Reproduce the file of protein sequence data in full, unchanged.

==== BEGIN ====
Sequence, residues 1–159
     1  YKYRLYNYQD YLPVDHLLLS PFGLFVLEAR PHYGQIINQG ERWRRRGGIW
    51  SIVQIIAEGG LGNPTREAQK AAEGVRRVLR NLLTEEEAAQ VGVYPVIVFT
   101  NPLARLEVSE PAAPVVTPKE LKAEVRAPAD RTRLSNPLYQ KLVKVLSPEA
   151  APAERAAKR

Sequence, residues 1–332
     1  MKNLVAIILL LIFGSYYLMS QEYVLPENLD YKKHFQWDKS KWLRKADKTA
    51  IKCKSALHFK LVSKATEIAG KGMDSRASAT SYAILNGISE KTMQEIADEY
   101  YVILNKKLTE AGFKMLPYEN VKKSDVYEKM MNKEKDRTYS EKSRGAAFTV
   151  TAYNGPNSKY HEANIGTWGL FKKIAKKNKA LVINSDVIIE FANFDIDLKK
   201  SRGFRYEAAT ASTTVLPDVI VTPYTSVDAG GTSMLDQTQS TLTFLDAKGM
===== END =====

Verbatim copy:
Sequence, residues 1–159
     1  YKYRLYNYQD YLPVDHLLLS PFGLFVLEAR PHYGQIINQG ERWRRRGGIW
    51  SIVQIIAEGG LGNPTREAQK AAEGVRRVLR NLLTEEEAAQ VGVYPVIVFT
   101  NPLARLEVSE PAAPVVTPKE LKAEVRAPAD RTRLSNPLYQ KLVKVLSPEA
   151  APAERAAKR

Sequence, residues 1–332
     1  MKNLVAIILL LIFGSYYLMS QEYVLPENLD YKKHFQWDKS KWLRKADKTA
    51  IKCKSALHFK LVSKATEIAG KGMDSRASAT SYAILNGISE KTMQEIADEY
   101  YVILNKKLTE AGFKMLPYEN VKKSDVYEKM MNKEKDRTYS EKSRGAAFTV
   151  TAYNGPNSKY HEANIGTWGL FKKIAKKNKA LVINSDVIIE FANFDIDLKK
   201  SRGFRYEAAT ASTTVLPDVI VTPYTSVDAG GTSMLDQTQS TLTFLDAKGM